I think I figured out how I blew up my SharePoint on my test box a couple weeks ago. I mentioned in my previous post that I blew up SharePoint while testing an upgrade scenario. Of course, being a typical tech working on a test box, I was guilty of changing too many things at once – including changing the SharePoint config and applying patches. I know, I know – whip me, beat me, and send me to my room . . .
I’m doing a little server consolidation here getting ready to move our servers in to a data center. So I did a clean install of Windows Server 2003 R2 on what is destined to be my new web server. I proceeded to get SharePoint, SQL, and all of my other stuff installed, then updated the box via Microsoft Update. About 50 updates (including Win2k3 SP2 – yes, I am a glutton for punishment) and a few reboots later, the server was fully patched and humming right along. I opened SharePoint 3.0 Central Administration and after a few seconds was presented with a nice 404 Page Not Found error.
I verified my services were running, then went to check out the Event Viewer. In the Application Event Logs, I saw a slew of SharePoint errors with Event ID 5586 with details about being unable to connect to the database. Looking up this error on EventID.net, there wasn’t much there – and I wasn’t particularly keen on running psconfig -cmd upgrade -force and then uninstalling / reinstalling SharePoint.
Googling on “SharePoint event id 5586″ wasn’t very helpful either. I encountered a number of threads that all referenced the hotfix from KB 932091 not installing correctly, and recommending extracting the update and manually running it again. I had tried this a couple weeks ago on my test box to no avail, and found several others in the threads that this didn’t work for. Just to be safe, I tried it again on this box, but it still didn’t work.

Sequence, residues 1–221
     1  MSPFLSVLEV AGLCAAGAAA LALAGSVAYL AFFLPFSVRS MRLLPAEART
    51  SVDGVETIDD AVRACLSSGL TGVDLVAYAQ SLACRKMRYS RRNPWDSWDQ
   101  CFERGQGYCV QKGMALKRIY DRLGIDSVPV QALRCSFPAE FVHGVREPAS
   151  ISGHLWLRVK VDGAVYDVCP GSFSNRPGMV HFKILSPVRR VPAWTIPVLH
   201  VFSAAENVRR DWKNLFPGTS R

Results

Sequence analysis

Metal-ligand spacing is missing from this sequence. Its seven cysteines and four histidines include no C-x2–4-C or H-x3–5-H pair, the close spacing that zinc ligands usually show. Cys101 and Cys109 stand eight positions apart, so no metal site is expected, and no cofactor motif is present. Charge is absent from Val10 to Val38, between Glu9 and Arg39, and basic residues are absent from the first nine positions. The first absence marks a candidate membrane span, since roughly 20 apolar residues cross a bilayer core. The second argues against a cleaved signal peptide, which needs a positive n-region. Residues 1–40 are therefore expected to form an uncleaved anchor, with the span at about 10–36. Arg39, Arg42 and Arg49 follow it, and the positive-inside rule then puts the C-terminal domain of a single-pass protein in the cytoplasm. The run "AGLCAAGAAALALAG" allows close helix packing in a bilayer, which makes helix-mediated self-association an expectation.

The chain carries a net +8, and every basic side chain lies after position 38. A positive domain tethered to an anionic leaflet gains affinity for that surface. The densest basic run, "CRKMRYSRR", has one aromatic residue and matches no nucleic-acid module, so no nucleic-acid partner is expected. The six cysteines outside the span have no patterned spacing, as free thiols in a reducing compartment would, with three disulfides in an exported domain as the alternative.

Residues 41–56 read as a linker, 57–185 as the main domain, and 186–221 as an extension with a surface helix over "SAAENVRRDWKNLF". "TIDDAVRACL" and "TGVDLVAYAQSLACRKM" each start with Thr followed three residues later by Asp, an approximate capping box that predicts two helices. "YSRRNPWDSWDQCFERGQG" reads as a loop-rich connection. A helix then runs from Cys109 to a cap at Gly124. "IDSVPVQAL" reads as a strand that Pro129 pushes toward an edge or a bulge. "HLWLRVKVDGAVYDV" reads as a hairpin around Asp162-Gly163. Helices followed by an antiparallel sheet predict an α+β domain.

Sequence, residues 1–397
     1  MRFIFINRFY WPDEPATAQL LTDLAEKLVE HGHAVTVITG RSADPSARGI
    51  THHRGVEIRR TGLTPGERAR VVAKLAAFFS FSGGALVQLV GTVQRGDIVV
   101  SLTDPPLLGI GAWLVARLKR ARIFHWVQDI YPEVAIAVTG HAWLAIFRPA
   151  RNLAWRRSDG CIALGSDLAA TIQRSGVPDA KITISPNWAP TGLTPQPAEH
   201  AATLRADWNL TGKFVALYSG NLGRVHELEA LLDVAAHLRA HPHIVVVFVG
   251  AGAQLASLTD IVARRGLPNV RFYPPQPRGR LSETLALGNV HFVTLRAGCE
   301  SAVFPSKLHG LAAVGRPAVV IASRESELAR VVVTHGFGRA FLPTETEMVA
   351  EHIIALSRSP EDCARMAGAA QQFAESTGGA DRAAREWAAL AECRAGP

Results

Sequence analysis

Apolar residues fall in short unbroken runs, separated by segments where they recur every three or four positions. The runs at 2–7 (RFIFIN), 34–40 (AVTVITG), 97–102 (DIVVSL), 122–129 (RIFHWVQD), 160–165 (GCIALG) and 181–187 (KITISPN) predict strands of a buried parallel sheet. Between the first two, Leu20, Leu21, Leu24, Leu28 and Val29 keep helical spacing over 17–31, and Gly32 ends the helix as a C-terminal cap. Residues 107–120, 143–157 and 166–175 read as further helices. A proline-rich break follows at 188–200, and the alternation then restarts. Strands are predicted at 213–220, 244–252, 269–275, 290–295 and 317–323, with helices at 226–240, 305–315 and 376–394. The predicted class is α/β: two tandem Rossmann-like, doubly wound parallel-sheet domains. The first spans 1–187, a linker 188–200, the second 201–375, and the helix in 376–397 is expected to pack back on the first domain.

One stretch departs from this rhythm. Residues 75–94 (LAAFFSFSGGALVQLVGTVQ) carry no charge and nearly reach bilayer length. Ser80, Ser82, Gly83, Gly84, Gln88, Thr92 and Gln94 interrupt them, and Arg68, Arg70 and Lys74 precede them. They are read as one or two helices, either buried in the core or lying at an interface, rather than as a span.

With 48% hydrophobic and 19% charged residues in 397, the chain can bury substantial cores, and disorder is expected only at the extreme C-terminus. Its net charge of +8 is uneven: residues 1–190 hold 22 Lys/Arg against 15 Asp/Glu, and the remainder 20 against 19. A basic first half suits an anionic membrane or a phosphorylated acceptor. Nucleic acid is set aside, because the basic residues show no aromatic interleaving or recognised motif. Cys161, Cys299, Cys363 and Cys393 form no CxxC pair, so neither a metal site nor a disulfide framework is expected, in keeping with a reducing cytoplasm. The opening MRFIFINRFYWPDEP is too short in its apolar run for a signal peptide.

One difference with this server is that I am actually running full SQL 2005 (instead of SSEE on the test box), so I could access my database via the SQL Management Studio. When I opened the Management Studio and attempted to connect to my database instance, after a long pause the Management Studio threw an error that it wasn’t able to connect to the database instance – I discovered I received the error whether I was trying to connect via Windows or SQL Authentication, which was an interesting tidbit of information I hadn’t found when troubleshooting the issue on the test box with SSEE.
On a whim, I decided to check the SQL Client Configuration – since I remembered seeing something similar in the past with Microsoft Retail Management System when it couldn’t connect to the database. I went to Start | Run and cliconfg
This is what your cliconfg should show:
This is what cliconfg showed on this server:
I enabled TCP/IP and Named Pipes, then selected “Enable shared memory protocol.” After clicking OK and rebooting – Voila! SharePoint is back in business and SQL Management Studio can connect to my database instance via both Windows and SQL Authentication.
I’m not sure which update broke this, but considering in the course of 3 reboots I MU’d approximately 50 updates (including SQL2k5 SP1, 932091, and Win2k3 SP2) – it’s hard to know exactly what disabled my SQL client protocols. But it was an easy fix, and it’s working now – so I’m happy